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I don't think I've seen this asked yet - apologies if so! [cringe]

Short version: For those times you can't record your own material, what are your best go-to sources for libraries that don't cramp your style, assuming one might be starting a library of commercial effects from scratch?

Long version: Tim and Chuck have released small libraries at high sample rates that are specifically not over-designed, adding up to a lot of processing and mixing latitude. This is a great approach.

Given that, who's putting out the most USABLE big libraries these days? There's so many, but without naming names, some are so old and overused that they're utterly hackneyed, some are so pre-mixed/processed that they don't sit well in a mix or are too recognizable, some just aren't high-def enough for significant processing.

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5 Answers 5

I have the BLASTDRIVE by Blastwave FX, it serves me pretty well when I don't have time to get my own sounds. One cool aspect is that they update the content of their library every three months, which you can then download for free. They call it Comprehensive Lifetime Sound Design Solutions

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Cool, Andrew - I've been waiting to hear from someone who has heard the BWFX stuff in action. It's attractive less for its price but more for its resolution and latitude. Thanks! –  NoiseJockey May 2 '10 at 17:27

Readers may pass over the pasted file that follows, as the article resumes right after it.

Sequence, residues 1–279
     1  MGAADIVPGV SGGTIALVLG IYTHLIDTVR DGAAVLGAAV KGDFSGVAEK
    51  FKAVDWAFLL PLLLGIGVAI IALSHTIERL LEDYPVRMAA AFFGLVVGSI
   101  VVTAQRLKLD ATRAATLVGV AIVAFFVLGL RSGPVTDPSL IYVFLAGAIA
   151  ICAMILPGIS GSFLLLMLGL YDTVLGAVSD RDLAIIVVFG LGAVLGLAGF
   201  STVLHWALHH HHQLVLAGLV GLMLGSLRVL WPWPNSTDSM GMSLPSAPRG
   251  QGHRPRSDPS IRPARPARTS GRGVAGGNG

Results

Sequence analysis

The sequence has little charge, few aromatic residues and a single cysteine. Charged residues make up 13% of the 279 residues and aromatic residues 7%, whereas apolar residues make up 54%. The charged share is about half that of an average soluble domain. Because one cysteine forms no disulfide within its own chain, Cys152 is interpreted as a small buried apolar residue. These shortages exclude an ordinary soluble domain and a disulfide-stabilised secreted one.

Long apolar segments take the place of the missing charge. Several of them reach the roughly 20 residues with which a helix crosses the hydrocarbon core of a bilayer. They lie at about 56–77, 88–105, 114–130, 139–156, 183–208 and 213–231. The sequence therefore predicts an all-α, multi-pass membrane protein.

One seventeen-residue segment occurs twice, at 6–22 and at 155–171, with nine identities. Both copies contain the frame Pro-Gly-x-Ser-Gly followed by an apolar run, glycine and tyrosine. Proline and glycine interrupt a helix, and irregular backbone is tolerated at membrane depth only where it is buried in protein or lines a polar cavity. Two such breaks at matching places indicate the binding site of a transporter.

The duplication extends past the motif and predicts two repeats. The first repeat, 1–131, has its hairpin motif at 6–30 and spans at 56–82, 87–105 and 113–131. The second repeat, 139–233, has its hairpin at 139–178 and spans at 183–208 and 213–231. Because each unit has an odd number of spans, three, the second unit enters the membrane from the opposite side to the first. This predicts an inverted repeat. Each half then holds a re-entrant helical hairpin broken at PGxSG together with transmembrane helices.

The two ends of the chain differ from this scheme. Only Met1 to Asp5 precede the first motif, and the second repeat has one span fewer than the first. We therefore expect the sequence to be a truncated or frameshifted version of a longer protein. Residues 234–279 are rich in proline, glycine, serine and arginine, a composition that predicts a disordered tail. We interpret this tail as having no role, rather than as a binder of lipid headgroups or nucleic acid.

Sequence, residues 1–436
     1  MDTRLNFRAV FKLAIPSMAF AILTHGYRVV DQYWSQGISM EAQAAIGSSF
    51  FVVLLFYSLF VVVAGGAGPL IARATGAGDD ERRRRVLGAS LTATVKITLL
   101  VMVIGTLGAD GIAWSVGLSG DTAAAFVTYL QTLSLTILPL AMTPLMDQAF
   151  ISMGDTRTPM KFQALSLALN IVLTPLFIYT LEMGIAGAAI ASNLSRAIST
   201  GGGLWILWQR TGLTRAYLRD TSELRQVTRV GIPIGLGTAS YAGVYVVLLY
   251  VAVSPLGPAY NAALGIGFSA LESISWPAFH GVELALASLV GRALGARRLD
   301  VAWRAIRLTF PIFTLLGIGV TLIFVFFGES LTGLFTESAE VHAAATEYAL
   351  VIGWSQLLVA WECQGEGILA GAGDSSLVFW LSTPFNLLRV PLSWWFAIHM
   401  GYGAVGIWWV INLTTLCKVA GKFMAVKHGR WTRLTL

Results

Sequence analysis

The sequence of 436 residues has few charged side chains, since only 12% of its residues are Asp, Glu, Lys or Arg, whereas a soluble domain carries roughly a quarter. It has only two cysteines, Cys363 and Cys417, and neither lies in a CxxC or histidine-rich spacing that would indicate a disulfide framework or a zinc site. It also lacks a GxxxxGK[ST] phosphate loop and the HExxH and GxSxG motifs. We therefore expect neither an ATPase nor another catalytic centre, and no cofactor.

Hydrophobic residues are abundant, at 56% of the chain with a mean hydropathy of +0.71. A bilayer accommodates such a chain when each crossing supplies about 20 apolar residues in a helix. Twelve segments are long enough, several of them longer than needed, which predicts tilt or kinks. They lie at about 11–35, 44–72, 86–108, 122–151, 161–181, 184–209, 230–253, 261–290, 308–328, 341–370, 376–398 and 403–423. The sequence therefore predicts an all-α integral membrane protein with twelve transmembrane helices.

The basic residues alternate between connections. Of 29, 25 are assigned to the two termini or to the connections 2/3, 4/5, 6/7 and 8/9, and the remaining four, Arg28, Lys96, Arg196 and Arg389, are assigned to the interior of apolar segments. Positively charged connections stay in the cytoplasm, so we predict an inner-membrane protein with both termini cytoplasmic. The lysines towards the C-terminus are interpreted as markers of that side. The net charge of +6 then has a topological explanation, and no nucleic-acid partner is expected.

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I find the Soundstorm library the most useful these days. But it is no where near cheap (around $6K). If I was building a library from scratch, that is where I would start. It won't cover everything, but it is a good foundation to build from.

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Thanks, Chuck! I wasn't aware of this one, although certainly I'm aware of SoundDogs and Rob Nokes. One question: What's the resolution of the samples? The .xls file of the library doesn't specify. :-( –  NoiseJockey May 2 '10 at 17:31
    
I'm pretty sure everything is 16/48 –  Chuck Russom May 2 '10 at 18:01
    
+1 for the Soundstorm library - there are some real gems in there, plus some comprehensive vehicle material which definitely comes in handy. You're not likely to find that sort of thing with most of the commerical libraries. –  Jay Jennings May 3 '10 at 5:46
    
+1 for Soundstorm. Incredible library with a very wide breadth of content. I agree with Jay, lot of $$$ gems in there. If there's any catch I've found to this library, it's that it takes a lot of time to learn the ins and outs of searching it effectively and knowing your favorite go-to's - the metadata wording choices and descriptor inconsistencies can make for a precarious experience for the first few months of working with the library. –  Stavrosound Aug 9 '11 at 7:17
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I have the Hollywood Edge Premiere Edition. Probably about 20gb worth (48k 16b). It's pretty decent. It covers pretty much everything you can think of. It just doesn't have a whole lot of each thing. It's been good to me for the past 6 years. Time to upgrade though.